tissues or tumor cells in the banking is the process of
freezing sperm and storing
body. Certain substances
it for later use.
are linked to specific types
of cancer when found
Source: www.cancer.gov
in increased levels in the
blood. These are called
tumor markers. The
following three tumor
Your Health Calendar
Continued from page D1
When: Thursday, April 11
Time: 9 a.m. – 2 p.m.
Where: Akron Fairlawn Hilton, 3180 W.
Market Street, Akron
Cost: FREE
Call: 330 -762-8666, Ext. 160
A unique workshop taught by veteran dads.
When: Saturday, April 13 or May 11
Time: 9 a.m. - noon
Where: Health & Wellness Center – West
Cost: $25 when you use code “WelcomeBaby” or $50 regularly
Call: 330-344-6868
Online: akrongeneral.org/welcomebaby
Led by Surgeon and Medical Director
Walter Chlysta, MD, FACS, sessions
give an overview of the different types
of weight-loss surgeries offered and the
support provided by Akron General’s
Bariatric Center. Will also discuss the
risks, benefits and possible outcomes
of surgery. Post-operative patients will
share their experiences.
When: Tuesday, April 16
Where: Akron General Medical Center,
Conference Center Auditorium
Time: 6 - 7 p.m.
Cost: FREE
Call: 330-344-2462
• Excess amounts of tissue in
the airway •
• A narrow airway or other
physical abnormality of the
nose or throat •
Other risk factors for developing sleep apnea include
being overweight or having family members with a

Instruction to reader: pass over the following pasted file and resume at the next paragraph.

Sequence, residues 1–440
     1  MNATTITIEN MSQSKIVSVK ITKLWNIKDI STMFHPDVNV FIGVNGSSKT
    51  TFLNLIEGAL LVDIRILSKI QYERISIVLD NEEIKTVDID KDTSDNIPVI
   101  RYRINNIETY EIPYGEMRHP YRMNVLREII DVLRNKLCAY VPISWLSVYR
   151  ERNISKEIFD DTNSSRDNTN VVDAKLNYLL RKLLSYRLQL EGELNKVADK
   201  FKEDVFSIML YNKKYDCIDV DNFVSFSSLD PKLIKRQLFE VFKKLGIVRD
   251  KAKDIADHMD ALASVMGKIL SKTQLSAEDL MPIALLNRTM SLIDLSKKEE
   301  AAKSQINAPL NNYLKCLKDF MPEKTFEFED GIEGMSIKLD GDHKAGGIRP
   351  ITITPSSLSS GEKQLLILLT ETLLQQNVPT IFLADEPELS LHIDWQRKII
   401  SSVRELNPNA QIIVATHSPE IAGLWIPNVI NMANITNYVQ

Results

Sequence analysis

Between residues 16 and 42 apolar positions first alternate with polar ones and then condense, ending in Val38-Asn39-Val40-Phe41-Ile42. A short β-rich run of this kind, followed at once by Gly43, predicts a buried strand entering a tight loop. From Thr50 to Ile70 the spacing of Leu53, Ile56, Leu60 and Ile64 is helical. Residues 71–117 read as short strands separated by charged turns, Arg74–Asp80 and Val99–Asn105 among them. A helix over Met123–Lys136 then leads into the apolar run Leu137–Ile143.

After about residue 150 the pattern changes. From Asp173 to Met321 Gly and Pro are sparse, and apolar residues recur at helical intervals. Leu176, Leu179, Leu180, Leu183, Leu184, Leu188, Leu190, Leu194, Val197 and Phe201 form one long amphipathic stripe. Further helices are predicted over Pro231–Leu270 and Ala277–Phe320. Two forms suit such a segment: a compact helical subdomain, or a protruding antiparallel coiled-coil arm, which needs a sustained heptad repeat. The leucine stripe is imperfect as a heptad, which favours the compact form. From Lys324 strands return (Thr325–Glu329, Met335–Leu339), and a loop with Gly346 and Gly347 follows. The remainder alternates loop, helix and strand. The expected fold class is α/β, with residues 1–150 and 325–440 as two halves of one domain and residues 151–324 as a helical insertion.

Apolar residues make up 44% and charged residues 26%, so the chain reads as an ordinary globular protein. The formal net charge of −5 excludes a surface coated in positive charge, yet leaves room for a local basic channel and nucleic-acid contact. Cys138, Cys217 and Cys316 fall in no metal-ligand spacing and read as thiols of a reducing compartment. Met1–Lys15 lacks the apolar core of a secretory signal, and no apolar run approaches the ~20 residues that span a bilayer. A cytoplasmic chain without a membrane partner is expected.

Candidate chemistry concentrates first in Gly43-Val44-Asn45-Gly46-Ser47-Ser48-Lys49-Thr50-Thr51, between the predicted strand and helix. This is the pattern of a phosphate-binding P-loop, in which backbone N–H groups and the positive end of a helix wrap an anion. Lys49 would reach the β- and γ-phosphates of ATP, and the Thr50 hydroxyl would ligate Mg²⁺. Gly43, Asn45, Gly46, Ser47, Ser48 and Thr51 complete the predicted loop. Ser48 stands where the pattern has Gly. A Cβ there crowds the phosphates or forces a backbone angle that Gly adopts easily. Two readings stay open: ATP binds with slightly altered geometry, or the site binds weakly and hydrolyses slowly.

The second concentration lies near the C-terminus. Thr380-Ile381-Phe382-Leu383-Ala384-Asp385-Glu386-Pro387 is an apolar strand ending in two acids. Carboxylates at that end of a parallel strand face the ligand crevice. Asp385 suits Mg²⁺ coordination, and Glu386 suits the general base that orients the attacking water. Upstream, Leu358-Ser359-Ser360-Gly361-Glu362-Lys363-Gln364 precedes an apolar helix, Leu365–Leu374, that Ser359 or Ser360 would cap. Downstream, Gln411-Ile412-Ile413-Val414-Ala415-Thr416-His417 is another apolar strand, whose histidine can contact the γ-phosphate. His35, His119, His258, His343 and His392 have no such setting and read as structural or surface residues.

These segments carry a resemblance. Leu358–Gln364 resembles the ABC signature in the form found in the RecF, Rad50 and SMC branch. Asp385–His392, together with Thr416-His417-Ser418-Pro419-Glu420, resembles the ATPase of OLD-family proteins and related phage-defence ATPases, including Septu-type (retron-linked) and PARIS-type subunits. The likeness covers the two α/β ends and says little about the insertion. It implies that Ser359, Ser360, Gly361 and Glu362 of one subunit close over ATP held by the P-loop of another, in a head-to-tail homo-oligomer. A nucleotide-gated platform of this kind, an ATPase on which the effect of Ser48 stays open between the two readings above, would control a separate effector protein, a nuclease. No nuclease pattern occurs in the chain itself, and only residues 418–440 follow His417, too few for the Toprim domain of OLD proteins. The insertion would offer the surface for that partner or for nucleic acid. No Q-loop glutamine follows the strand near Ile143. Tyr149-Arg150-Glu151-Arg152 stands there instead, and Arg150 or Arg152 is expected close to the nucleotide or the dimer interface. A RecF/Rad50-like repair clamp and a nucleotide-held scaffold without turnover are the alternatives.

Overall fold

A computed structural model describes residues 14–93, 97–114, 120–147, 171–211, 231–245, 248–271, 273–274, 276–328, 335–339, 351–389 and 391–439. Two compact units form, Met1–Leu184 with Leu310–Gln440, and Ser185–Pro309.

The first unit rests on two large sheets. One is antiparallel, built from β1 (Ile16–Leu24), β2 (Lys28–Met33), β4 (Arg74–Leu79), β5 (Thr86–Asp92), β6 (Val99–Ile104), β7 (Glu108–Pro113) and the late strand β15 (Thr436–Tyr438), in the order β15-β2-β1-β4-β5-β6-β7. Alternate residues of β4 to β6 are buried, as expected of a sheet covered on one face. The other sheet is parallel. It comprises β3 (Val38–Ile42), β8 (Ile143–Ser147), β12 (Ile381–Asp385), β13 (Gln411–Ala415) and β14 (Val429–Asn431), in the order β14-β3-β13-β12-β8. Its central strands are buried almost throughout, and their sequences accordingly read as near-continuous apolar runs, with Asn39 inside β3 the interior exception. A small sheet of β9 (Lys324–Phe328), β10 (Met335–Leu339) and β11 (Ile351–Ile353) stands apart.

diagnosis of sleep apnea. Like
other sleep disorders, people
who suffer from sleep apnea
often experience daytime
sleepiness; however, there are
some more serious health
issues that are often associated with sleep apnea, including irregular heart rhythms,
high blood pressure, stroke
and heart attack. That’s why
it’s important to talk to your
doctor if you’re experiencing
sleep apnea symptoms.
This cooking school is for individuals
with diabetes or those who are interested in learning how to cook for someone
with diabetes. Includes cooking demonstrations, taste testing and healthy meal
planning presented by certified diabetes
educators and a professional chef.
When: Wednesday April 17, 24
Where: Akron General Medical Frasche Classroom
Time: 6-8 p.m.
Cost: $10 for the program
Call: 330-344-2462
Answers and treatment options for common
sleep disorders
By William J. Novak, MD, Akron General neurologist
Tour the New Life Center, visit various
information booths, enter a raffle for
gifts and enjoy refreshments and free
parking at this FREE maternity health
fair. Informational seminars begin at
1:15 p.m. in the surgical waiting area.
When: Sunday, May 5
Where: Akron General Medical Center
Time: 1-3 p.m.
Cost: FREE
Call: 330-344-2462
Provides education and support to
people with spinal cord injuries and